14. This is an interesting thing I have dishes that I use now for everyday in the 70’s growing up my mother bought this set as did my Nanna and my Aunt. At the time and through my upbringing they were our fancy dishes for special occasions and holidays. My mom started using them as her everyday dishes in the late nineties. I got them when she died in 2007 and they are my everyday dishes. I had my family over for the 4th of July and when I handed my Dad a plate he smiled and said “I know these plates” he was still associating them with holiday. They have held up beautifully though there is no longer a complete set and I have been considering getting new. My problem is that I don’t think I could part with them, and it seems silly to pack them away somewhere. I don’t know what I’ll do but I may very well keep using them until the last piece reaches the end of its natural life. I am typically not attached to things like this but these plates have a strong hold on my heartstrings.

    • ajm1008, perhaps you can replace the missing pieces (Replacements.com) or even find a whole matching set on eBay — put them all together so there will never be a “last piece” — let the memories live on and keep your heartstrings happy.

      • Thank you for the suggestion it is a good one and something I have considered. I contacted my aunt today and asked her about Nanna’s set she didn’t have them any longer. It was a popular pattern in production from the late 60’s through first of the 80’s so I can find replacement pieces if I decide to but that is not really my style. The attachment for me is not about the pattern or even the nostalgia around the pattern it is the history with these particular items. I have wonderful memories of family holidays and special occasions celebration meals eaten off these exact plates. I also believe that everything has it’s life and when it is done it is done. Honor and treasure it for what it has brought into my life and release it to make room for new things to come. When I get down to the last piece I will take it our of regular use and display it somewhere in my kitchen most likely.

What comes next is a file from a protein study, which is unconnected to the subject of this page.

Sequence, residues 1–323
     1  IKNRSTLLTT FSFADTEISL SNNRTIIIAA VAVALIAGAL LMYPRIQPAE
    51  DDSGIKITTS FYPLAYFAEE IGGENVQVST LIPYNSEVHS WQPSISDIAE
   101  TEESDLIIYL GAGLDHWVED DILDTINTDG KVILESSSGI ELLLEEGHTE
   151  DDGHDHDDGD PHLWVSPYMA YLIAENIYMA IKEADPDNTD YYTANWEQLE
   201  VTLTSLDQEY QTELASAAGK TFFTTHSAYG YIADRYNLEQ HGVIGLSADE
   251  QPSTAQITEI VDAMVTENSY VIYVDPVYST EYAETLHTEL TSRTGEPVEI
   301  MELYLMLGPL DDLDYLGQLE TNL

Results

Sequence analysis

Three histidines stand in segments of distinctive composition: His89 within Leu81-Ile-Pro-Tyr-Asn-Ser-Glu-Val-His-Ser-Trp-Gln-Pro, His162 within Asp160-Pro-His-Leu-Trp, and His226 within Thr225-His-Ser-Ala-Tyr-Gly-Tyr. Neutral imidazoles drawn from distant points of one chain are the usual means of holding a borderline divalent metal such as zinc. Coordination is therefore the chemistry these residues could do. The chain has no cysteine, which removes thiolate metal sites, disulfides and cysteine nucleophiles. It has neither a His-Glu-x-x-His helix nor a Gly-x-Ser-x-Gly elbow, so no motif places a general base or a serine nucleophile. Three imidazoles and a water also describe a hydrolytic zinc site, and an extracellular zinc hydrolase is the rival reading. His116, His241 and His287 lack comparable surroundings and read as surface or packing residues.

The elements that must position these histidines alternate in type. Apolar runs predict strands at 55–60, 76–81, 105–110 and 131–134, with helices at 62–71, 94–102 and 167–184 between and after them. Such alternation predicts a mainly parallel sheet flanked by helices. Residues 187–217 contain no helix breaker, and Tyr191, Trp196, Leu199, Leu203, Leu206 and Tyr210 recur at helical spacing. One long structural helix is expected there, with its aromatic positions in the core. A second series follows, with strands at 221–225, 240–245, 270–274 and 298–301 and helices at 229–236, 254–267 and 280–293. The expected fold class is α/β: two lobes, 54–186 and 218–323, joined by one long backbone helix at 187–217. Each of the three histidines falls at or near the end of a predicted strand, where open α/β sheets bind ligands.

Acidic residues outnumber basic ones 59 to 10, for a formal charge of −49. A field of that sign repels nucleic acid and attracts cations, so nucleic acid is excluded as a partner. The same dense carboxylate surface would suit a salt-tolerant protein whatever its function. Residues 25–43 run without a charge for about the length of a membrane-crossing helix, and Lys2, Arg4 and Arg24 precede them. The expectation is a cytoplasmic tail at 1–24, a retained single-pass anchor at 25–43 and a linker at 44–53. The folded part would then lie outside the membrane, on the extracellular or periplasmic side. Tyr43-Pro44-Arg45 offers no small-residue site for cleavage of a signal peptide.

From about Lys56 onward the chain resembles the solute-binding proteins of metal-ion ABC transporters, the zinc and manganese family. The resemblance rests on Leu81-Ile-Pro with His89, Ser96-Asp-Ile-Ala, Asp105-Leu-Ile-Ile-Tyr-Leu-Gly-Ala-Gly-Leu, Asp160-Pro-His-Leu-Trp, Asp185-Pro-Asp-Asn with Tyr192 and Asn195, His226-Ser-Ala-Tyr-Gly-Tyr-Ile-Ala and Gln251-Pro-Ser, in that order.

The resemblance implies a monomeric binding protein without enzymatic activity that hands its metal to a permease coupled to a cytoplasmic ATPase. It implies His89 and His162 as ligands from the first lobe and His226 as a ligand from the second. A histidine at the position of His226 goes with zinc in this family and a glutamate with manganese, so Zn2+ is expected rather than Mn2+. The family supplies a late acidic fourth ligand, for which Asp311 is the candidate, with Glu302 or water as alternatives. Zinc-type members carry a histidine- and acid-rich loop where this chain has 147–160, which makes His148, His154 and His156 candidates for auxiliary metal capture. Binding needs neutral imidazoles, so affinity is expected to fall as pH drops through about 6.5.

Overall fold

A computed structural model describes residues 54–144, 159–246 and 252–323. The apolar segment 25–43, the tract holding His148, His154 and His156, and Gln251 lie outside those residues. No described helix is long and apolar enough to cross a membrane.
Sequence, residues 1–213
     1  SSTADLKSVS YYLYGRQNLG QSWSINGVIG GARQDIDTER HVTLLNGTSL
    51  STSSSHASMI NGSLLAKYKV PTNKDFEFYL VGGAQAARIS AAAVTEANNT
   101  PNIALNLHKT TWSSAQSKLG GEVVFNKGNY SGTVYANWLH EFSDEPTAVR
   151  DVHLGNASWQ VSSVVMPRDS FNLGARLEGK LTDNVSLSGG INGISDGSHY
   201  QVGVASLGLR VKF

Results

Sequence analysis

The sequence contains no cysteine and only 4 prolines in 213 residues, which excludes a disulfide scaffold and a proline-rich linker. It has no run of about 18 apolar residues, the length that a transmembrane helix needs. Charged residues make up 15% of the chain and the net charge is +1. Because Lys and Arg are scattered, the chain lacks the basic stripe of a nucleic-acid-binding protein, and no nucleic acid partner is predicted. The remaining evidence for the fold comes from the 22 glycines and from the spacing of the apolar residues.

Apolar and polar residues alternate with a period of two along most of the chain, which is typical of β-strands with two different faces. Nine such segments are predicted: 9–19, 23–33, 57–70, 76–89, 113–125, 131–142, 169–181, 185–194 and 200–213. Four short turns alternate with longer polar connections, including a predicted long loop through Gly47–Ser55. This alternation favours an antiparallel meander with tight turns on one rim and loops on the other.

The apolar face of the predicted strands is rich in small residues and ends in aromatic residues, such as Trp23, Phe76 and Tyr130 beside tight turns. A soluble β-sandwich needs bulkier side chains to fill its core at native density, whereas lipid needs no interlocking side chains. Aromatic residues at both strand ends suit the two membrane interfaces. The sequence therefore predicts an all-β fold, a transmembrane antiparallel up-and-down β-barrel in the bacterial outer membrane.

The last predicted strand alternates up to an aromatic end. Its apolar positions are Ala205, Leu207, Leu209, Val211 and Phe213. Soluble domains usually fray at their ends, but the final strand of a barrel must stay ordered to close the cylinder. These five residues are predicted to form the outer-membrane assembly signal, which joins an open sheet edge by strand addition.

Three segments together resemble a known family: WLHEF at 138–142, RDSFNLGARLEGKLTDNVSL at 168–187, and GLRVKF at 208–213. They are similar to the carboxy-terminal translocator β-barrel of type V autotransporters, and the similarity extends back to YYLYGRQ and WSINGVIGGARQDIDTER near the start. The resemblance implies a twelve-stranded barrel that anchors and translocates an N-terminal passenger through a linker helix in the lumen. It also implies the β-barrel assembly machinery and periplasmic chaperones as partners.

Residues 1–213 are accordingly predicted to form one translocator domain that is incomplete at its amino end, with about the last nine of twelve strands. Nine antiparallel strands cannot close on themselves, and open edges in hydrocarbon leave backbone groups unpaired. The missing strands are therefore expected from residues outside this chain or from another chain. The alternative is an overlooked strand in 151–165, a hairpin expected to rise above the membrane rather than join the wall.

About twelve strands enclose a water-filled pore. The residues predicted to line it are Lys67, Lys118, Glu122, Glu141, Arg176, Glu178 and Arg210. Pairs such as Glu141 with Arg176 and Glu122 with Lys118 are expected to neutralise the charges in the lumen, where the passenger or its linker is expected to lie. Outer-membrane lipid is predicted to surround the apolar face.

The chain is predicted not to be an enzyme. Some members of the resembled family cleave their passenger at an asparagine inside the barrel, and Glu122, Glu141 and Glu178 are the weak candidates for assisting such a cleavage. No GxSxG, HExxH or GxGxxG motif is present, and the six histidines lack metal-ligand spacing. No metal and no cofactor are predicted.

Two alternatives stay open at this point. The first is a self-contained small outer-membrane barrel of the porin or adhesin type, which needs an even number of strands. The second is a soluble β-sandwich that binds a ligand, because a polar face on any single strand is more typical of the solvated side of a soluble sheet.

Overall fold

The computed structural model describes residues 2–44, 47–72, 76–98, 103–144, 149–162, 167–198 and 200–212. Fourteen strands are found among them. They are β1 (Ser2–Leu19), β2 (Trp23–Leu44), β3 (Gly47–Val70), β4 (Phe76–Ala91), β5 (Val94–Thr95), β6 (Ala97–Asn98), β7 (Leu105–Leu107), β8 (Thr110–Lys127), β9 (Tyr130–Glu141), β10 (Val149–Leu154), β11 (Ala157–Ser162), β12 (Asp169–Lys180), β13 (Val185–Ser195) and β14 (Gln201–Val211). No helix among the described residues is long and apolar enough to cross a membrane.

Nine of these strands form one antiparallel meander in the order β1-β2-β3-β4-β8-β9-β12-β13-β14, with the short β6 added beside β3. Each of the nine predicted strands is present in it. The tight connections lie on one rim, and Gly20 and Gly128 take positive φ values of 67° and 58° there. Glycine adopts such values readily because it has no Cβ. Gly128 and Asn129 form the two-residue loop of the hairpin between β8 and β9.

15. Slight correction. There is not “less people” because folks are having smaller families. In fact our global population has grown 7 times the size it was “back in the olden days” when folks were having 8 to 12 kids. We’re growing exponential and sending other animal species into extinction by encroaching into their habitats with our cookie cutter housing developments and roads. The families are getting smaller because the gross overpopulation problems means wages are being divided among a larger labor pool and, thus, smaller pay per person. Smaller pay per person means less resources for each household. We are having less children because we have less resources. It’s an incorrect assumption to say that there are less people. You can google overpopulation and read about it. We’ve never, in the history of mankind, had this many people on earth %-) lol

    • I should have specified, I am talking about the US. I thought of it, but try to be concise.

      Also, the baby boomers are a huge bubble. We will die off in the next 20-30 years.

  16. I agree with those who said land will be worth something for years to come. And a home made of good materials rather than the cheap stuff they just throw up. Otherwise I don’t know, but it will probably be fad-based.

    As for kids, I wish I could have more! Trying to convince my husband another would be wonderful, but our baby is keeping us up a lot, so he’s not on board. Yet…. 😉